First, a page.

Admission Summary: Andrew Larson, WM, DOB 10-21-60
Police were called to William’s Pub, “A man acting strangely”, subject had been ejected from the pub after reacting to the bouncer’s request for a cover charge. Subject insisted that the bouncer had been murdered the night before, that subject had been interviewed by police as a witness. No recorded incident of any kind in police records for the previous evening. Subject began to harangue police officers, but was incapable of making any sensible remarks. He was not considered a threat to the public, and was transferred to County Welfare agents for transport to the county medical facility for observation. Subject apparently under persecution delusions, thinking that a murder had been covered up, that his girlfriend, known only as ’Jennifer’ was being stalked and may have been abducted by a man from a former relationship. Injected 50MG Thorazine, subject became calm and was placed in holding cell to be evaluated in the morning.
Andy woke up alone, in a cell. He had had a variety of dreams, of having been arrested and given an injection, but he could not verbalize what had happened to him. He sat on the edge of the cot, his head reeling, trying to make sense of the previous 24 hours. An orderly came in with a breakfast tray: Orange juice, oatmeal, toast, and a glass of water. He couldn’t eat. After a short time, the orderly returned and took the tray, saying nothing. A guard came in and signaled that Andy should get up and follow him. Andy could barely stand, but did manage to leave the room and walk down the hall, ultimately arriving at an examination room.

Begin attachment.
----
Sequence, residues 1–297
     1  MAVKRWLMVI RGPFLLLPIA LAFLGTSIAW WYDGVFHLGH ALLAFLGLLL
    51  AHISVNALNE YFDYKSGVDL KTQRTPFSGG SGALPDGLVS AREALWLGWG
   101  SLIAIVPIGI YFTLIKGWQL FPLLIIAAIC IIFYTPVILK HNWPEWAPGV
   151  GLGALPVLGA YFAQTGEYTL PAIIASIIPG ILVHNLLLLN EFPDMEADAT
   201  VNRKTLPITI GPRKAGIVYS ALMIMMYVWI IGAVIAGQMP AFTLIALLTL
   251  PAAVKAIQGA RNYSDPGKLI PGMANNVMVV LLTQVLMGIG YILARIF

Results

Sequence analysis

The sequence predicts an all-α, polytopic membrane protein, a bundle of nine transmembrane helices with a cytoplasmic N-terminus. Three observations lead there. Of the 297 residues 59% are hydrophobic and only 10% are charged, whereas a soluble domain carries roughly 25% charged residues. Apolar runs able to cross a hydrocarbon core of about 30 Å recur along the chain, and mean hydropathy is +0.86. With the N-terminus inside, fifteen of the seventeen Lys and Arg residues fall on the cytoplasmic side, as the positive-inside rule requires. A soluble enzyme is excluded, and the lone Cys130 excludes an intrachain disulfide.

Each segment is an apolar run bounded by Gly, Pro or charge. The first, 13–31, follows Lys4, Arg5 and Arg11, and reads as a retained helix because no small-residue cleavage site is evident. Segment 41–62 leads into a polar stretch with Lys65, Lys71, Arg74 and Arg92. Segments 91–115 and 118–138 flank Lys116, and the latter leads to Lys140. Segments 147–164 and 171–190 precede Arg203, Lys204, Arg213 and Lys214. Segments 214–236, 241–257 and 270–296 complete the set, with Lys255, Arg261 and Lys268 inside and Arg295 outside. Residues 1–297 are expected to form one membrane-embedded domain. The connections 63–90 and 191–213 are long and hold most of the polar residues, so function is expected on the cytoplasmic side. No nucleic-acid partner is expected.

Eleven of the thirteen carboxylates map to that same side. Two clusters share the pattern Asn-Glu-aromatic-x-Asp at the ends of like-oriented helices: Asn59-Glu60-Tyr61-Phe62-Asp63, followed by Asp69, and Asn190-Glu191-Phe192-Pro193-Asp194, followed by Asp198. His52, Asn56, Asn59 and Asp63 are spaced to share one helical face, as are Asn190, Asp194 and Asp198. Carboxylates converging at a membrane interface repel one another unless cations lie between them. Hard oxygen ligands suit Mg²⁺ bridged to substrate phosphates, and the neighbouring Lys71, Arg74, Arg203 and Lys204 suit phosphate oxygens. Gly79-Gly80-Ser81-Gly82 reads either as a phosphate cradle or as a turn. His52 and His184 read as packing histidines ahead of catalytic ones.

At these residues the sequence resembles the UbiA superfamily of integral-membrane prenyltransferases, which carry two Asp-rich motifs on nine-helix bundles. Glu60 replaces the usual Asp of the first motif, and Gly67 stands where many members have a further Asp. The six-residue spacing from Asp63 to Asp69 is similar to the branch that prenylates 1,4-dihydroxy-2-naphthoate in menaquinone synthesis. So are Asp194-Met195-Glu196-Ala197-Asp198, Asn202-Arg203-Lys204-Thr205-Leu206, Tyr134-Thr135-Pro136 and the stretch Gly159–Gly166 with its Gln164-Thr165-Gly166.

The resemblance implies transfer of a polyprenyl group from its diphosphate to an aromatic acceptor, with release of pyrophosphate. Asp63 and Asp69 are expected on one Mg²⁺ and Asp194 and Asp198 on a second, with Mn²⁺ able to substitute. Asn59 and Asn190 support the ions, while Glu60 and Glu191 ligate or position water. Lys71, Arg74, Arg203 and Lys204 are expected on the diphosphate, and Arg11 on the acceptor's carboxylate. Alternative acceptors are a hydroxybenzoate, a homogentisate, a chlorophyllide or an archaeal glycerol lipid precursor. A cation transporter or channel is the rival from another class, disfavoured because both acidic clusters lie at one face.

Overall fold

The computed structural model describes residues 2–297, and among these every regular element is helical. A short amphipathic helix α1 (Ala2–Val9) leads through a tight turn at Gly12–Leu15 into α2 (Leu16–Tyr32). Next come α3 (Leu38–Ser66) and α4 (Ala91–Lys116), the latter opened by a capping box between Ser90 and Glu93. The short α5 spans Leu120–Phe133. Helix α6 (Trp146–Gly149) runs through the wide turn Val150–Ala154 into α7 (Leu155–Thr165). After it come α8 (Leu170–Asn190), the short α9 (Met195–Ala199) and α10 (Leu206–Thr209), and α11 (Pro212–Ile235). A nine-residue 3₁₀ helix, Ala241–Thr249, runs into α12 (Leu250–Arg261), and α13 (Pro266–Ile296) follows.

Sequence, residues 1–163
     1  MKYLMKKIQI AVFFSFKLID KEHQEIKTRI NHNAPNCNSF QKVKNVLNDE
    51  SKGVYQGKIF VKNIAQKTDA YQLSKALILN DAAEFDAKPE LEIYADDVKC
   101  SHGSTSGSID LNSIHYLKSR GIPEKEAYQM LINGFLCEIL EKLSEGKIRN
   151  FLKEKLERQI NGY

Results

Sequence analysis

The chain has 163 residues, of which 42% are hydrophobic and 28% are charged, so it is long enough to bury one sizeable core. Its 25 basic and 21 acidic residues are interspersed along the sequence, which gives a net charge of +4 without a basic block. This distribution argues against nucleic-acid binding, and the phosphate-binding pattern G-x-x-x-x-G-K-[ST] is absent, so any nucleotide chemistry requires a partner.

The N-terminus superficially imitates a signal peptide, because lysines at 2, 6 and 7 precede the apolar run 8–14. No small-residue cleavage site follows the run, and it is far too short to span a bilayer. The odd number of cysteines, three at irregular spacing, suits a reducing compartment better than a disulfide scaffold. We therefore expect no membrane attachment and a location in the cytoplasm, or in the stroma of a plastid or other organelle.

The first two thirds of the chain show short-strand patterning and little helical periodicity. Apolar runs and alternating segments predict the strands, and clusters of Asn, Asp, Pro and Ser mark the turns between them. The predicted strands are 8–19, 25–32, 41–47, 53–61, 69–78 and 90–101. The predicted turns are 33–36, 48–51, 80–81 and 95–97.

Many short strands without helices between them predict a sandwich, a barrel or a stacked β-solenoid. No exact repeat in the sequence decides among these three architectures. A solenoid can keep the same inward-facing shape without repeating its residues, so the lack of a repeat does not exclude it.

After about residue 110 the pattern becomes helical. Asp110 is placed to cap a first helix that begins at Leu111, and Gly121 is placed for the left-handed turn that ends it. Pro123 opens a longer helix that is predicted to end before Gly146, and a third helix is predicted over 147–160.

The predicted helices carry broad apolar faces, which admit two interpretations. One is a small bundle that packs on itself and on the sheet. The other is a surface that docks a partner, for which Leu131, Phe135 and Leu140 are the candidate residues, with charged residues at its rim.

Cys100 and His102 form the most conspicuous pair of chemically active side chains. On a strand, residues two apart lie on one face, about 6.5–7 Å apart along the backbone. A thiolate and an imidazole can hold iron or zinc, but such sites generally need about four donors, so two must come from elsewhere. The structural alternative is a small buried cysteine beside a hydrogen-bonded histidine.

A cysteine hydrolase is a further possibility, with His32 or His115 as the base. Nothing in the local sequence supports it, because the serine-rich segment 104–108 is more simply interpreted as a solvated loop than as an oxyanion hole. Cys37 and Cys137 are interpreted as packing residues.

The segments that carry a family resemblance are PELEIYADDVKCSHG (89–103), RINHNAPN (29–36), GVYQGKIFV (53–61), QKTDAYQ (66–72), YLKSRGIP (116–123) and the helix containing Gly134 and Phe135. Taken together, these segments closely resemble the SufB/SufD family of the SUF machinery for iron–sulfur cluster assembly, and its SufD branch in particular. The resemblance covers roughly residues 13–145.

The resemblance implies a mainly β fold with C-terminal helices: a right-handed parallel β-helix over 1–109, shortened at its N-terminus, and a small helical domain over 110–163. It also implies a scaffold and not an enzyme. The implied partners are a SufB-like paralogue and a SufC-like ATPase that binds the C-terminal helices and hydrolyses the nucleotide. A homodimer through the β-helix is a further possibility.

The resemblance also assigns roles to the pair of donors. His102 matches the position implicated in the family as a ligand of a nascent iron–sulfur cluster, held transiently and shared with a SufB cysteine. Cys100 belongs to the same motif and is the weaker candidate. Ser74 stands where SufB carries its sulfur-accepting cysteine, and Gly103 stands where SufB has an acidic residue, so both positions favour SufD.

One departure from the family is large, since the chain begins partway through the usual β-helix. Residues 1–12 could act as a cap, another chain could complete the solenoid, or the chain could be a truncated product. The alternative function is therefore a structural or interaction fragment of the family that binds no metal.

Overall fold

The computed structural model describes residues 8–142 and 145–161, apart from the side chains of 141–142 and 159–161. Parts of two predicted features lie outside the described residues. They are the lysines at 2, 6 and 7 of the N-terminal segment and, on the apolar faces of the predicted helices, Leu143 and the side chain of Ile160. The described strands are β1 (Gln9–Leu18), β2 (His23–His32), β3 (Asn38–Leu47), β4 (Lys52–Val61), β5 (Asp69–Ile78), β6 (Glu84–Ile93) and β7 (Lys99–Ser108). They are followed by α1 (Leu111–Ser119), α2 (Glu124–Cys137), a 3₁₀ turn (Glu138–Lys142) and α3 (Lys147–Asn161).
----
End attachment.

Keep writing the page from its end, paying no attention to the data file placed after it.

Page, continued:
The room had a desk, with three chairs on one side, and one chair on the other. Behind the chairs was a large one-way mirror. The guard motioned to the single chair. Andy grasped the table as he sat down, he felt as if he didn’t grab something he would keep going down until he hit the floor. There was a window in the room that overlooked a drab courtyard surrounded by blank walls. After a short wait, three men holding notebooks and wearing lab coats entered the room and sat down opposite Andy.
“Good Morning, Mr. Larson. How are you feeling?” said the man on Andy’s left.
Andy could think of what to say, but was unable to talk. He made a sign with his hands as if he were writing with a pencil.
“Can you tell us your name?” said the man in the center.
Andy shook his head and repeated his pencil movements.
“I’m sorry, it is not possible to give you writing tools at this time,“ said the third man, “We’ll meet again, tomorrow, you might be able to talk then.”
And the left the room. The guard came in and brought Andy back to his cell and locked the door.
Andy began to cry.
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